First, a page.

The concept of the more-than-human commons attempts to articulate a relationship between limits and possibility, relationality and agency, human and non-human that moves beyond humanist, or dualist, ways of thinking and doing politics. This was the premise of a series of panels organised for the Undisciplined Environments political ecology conference in Stockholm, March 2016. Disrupting the binaries of social and natural, human and non-human, that undergird the history of capitalist enclosure and biopolitical control, the more-than-human commons foregrounds conflicts over what ecologies are visible and how they count within new regulatory and economic regimes (de la Cadeña 2010). In this paper I reflect on the fresh learning and debates that emerged from the panels, themselves made up of international scholars working from a range of disciplinary backgrounds and empirical concepts. I further show the importance of these ideas by bringing them into dialogue with my empirical work in community forestry with local communities, NGOs and national policy sectors in Guatemala, Central America. Community forestry emerged at sites around the world through the 1990s, coinciding with the rise of neoliberal economic policy as well as rising awareness of the large-scale failure of global environmental and conservation schemes to value local and indigenous forms of knowledge to sustainability. Community forestry programmes authorise local communities to manage forests as common-pool resources according to regulations designed to protect biodiversity that are set internationally. However, they are also strongly influenced by tenure regimes, property law, and land rights struggles at nat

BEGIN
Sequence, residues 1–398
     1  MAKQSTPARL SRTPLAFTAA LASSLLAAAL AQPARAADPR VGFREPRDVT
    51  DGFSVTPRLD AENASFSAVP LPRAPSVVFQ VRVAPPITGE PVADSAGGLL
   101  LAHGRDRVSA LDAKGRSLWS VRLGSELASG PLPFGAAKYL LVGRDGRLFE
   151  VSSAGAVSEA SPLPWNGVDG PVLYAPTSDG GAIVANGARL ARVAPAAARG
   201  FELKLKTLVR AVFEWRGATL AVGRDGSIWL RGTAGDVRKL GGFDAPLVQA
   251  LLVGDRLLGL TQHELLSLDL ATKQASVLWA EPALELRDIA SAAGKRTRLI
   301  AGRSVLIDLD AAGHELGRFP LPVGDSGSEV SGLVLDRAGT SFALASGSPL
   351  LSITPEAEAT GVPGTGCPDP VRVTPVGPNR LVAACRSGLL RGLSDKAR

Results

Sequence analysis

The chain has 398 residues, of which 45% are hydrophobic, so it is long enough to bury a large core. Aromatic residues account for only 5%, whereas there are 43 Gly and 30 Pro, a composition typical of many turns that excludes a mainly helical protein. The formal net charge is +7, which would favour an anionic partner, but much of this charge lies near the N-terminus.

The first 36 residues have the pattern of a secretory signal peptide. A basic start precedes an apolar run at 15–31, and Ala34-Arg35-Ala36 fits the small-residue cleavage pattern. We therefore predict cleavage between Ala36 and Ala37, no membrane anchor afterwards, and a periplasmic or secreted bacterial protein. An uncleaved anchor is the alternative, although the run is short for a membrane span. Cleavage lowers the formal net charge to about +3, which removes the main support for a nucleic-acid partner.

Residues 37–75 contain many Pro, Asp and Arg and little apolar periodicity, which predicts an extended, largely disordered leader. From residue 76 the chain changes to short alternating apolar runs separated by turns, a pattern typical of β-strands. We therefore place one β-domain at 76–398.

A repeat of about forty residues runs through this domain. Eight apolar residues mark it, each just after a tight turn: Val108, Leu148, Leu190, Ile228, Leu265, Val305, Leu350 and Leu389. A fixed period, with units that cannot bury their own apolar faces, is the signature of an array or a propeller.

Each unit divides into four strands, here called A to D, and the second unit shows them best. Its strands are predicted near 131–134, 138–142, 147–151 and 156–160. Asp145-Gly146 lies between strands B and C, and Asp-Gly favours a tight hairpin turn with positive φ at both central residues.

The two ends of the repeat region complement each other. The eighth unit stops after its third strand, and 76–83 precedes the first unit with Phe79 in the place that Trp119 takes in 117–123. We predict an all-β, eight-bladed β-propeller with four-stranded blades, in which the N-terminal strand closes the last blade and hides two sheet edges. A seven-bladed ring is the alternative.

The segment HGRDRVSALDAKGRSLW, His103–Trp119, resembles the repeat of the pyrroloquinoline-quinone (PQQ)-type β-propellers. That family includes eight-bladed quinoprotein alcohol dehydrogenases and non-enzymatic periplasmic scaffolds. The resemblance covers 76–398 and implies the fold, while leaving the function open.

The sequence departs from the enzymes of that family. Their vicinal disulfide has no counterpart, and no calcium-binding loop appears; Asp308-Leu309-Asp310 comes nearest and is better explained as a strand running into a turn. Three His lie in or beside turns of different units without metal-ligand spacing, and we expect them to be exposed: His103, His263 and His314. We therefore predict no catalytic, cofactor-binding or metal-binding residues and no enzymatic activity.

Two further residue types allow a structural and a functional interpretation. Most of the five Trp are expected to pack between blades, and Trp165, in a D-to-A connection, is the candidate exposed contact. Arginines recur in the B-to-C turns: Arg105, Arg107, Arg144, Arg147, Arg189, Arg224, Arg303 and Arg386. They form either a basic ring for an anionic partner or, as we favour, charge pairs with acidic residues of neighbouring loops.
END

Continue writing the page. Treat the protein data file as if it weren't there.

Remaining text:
This media entry was a contribution to the special session „Decolonising participation? Community forestry and the more-than-human commons“ at the 5th International Degrowth Conference in Budapest in 2016.